Most national guidelines for pharmacoeconomic research prescribe discounting, mostly of money and health against the same rate. There is much debate on whether this is adequate. Two theoretical arguments, the consistency argument of Weinstein and Stason, and the paralyzing paradox of Keeler and Cretin, are mostly responsible for the current standards. However, more recently, several authors have indicated that the basis to claim the necessity of using similar discount rates is rather weak, both practically and theoretically. In terms of finding a new theoretical basis on which to base discount rates for money and, in particular, health, Van Hout has made an important suggestion arguing that the discount rate for health could be based on the expected growth in life expectancy and the diminishing marginal utility related to such additional health. Similarly, Gravelle and Smith argue that if the value of health grows over time, discount rates that are used for costs cannot directly be applied to effects, but should be adjusted downwards.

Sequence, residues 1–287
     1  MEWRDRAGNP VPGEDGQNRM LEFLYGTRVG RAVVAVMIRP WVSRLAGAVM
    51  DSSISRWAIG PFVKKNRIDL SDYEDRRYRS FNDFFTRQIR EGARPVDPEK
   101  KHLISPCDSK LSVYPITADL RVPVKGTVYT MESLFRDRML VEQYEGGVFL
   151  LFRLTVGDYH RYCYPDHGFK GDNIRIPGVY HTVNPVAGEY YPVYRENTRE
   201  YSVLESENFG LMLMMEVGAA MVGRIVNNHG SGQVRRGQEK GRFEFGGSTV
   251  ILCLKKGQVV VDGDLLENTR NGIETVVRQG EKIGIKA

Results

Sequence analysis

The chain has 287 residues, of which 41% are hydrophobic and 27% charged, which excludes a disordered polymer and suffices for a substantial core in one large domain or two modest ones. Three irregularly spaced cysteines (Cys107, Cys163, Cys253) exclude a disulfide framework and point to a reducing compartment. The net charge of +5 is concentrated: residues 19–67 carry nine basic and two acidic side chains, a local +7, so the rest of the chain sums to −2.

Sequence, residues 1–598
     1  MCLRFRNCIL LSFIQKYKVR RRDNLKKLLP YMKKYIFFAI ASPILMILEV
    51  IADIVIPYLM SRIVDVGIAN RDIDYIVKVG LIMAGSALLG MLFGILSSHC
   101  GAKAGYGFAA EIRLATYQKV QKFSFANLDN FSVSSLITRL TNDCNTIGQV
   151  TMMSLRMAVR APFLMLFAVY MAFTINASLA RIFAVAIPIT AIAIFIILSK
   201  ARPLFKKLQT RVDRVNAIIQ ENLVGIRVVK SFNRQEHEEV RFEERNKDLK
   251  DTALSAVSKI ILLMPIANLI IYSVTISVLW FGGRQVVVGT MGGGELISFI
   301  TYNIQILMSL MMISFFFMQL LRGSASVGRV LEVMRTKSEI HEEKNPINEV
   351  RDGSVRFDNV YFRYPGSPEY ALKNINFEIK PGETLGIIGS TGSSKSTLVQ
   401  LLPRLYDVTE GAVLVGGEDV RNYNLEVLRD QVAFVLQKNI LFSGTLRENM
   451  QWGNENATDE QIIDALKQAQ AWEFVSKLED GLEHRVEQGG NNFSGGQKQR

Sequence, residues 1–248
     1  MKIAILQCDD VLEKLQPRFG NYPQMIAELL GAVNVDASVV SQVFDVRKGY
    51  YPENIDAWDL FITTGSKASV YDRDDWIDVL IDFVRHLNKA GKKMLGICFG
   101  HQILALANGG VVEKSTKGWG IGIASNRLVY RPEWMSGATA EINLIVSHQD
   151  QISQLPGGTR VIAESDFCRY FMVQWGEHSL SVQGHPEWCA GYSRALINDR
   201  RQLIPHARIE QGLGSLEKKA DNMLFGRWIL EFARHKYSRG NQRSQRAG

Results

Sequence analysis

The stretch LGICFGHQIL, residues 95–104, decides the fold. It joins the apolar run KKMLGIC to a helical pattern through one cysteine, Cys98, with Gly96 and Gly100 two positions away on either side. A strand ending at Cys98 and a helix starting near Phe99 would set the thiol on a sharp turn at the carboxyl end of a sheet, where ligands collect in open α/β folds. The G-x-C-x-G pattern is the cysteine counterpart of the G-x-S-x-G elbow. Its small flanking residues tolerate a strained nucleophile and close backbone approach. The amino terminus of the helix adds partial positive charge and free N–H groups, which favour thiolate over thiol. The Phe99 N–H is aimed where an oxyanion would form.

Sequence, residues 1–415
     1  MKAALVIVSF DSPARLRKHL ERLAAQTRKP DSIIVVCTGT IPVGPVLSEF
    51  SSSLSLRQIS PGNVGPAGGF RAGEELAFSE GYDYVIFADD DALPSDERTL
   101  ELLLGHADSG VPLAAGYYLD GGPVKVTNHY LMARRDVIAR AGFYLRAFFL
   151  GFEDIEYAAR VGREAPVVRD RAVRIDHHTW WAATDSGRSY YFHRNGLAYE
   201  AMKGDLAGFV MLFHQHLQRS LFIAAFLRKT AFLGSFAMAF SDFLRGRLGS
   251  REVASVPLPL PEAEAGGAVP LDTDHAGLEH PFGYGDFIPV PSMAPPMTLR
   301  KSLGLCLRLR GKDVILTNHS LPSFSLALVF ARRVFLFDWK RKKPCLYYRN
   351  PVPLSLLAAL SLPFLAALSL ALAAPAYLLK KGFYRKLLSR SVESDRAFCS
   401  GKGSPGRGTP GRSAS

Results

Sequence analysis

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Expert Review of Pharmacoeconomics & Outcomes Research
Erasmus School of Health Policy & Management (ESHPM)

Klok, R., Brouwer, W., Annemans, L., Bos, J., & Postma, M. (2005). Towards a healthier discount procedure. Expert Review of Pharmacoeconomics & Outcomes Research (Vol. 5, pp. 59–63). doi:10.1586/14737167.5.1.59